Originally Published in Communitech News
Written by Craig Daniels
It was the autumn of 2015 and TrustPoint co-founder and CEO Sherry Shannon-Vanstone knew she had a decision to make.
TrustPoint, which develops secure products for the Internet of Things (IoT) and machine-to-machine communication, needed to grow. And it needed to grow fast. The IoT was booming. Security, smart cities, connected critical infrastructure, all the areas in which TrustPoint was working, were generating unmet demands.
“It takes a lot of resources,” Shannon-Vanstone explained recently. “We had bootstrapped the company, and we weren’t going to be able to move fast enough. It was time to go out and get a huge investment, and work with a VC, bring in lots of cash, hire people. But even then we would have had to disrupt some of our current projects, just to try to grow. We had to move faster.”
And then opportunity presented itself.
Shannon-Vanstone learned that ETAS Embedded Systems, which provides secure diagnostic and calibration solutions for the automotive industry, was going to open an office in Waterloo Region. A subsidiary of the Bosch Group, ETAS was well known to Shannon-Vanstone and her late husband and co-founder, Scott Vanstone.
“At first it was just a conversation,” said Shannon-Vanstone, “just a general information gathering of what they were looking for and what we were looking for. At that time, we were interested in a strategic partnership or an investment.
“The conversation was on a casual basis until June (2016) when ETAS Canada opened their office in Kitchener. And at that time, they indicated an interest in TrustPoint.”
Fast forward through many more conversations, and a process of technological and legal due diligence, and you reach the events of last week, when TrustPoint agreed to be acquired by ETAS — when Shannon-Vanstone agreed to sell her “baby.”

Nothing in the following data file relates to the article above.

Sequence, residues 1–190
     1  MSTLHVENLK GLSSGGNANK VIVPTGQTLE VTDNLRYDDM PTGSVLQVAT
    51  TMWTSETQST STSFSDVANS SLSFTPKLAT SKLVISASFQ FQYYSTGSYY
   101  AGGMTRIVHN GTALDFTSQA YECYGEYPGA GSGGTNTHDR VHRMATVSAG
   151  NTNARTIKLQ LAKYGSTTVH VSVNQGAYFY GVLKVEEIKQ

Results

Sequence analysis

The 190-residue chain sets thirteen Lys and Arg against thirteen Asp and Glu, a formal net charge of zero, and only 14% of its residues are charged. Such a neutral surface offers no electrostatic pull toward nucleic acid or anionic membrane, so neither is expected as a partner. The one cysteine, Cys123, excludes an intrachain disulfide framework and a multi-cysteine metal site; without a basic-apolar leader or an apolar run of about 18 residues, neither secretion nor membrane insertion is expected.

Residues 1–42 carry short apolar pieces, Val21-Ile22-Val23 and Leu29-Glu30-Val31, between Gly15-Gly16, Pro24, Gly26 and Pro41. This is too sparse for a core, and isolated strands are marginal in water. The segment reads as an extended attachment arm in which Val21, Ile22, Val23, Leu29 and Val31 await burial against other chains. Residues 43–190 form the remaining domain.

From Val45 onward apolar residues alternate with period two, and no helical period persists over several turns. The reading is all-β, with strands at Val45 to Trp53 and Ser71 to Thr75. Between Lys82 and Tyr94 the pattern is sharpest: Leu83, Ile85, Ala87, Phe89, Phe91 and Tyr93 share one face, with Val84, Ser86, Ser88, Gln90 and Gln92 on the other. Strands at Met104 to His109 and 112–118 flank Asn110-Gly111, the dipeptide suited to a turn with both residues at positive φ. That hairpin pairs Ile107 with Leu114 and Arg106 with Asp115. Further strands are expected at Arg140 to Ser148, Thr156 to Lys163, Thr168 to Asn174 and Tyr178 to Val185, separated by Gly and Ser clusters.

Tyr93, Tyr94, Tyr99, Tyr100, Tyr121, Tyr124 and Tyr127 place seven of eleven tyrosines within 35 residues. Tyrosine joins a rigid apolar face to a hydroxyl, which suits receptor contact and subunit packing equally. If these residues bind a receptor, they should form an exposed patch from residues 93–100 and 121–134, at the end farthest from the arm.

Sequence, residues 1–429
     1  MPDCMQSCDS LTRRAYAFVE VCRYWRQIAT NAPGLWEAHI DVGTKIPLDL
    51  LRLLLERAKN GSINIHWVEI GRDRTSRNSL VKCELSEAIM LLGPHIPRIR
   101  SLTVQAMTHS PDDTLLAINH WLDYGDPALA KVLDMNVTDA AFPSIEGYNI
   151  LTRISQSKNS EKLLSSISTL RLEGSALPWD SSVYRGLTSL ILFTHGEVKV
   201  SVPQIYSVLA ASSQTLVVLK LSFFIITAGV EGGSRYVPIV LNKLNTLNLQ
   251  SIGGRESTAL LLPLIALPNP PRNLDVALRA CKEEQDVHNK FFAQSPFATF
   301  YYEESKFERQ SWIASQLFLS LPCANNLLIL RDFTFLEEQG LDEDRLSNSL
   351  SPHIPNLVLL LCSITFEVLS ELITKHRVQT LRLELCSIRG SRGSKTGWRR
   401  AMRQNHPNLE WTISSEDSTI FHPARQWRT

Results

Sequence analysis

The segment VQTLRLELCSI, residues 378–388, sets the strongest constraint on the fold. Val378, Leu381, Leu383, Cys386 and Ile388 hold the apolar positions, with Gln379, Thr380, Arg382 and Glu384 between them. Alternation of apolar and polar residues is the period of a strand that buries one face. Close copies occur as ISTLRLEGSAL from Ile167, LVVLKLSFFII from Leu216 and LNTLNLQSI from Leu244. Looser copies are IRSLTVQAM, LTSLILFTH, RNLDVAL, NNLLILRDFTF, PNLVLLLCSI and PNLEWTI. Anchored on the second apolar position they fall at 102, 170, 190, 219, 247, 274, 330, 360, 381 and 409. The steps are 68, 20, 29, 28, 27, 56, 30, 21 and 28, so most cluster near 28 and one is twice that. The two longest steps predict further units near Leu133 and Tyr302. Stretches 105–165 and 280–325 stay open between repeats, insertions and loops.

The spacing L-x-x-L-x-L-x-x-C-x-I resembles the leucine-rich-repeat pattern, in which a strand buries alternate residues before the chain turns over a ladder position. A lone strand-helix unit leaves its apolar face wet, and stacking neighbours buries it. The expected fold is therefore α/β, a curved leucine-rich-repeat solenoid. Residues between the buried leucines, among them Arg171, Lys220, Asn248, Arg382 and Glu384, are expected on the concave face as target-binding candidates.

“Emotionally, yes, it was tough,” she said. “It’s my baby, and it’s hard to let go of it.”
But the time was right. The fit was right. “There’s a huge opportunity in the Internet of Things right now,” she said.
TrustPoint grew out of a company called Certicom, which was founded by Scott Vanstone in 1985 along with two professors from the University of Waterloo. Certicom worked closely with Research In Motion in the late 1990s, providing security for the company’s smartphones. In 2009, RIM acquired Certicom, and Vanstone and his wife, recognizing the market for secure devices that was building around the rise of IoT, left in 2012 and started TrustPoint.
For Shannon-Vanstone, the decision to throw in with ETAS — other suitors were also interested, she said — was in large part motivated by culture.
“We found the cultural alignment was high on the list. Bosch is a private corporation. They are owned by a foundation. That foundation uses all the profits to build hospitals around the world.
“When Scott and I started TrustPoint, one of our objectives was to be philanthropic. To be a positive influence, globally and locally. So this aligned perfectly with our founding principles.”
The deal with ETAS is still subject to antitrust approval. When it’s finalized, TrustPoint’s 30 people will join ETAS in a yet-to-be-determined location in Waterloo Region.
“I’ll be staying involved for the time being,” said Shannon-Vanstone. “The work, the focus will be the same. Most of the people will have the same job description. We may fine tune over time.”
She doesn’t need to fine-tune her commitment to local tech ecosystem, which she has watched grow since the mid-80s — before there even was a local ecosystem.
“It’s tremendous. We decided to set up in K-W because of the access to talent. The access to the university. The access to the resources for a startup.
“This is my fourth startup but my first as a founder.
“It’s supportive even for people who are little more grey-haired than others.”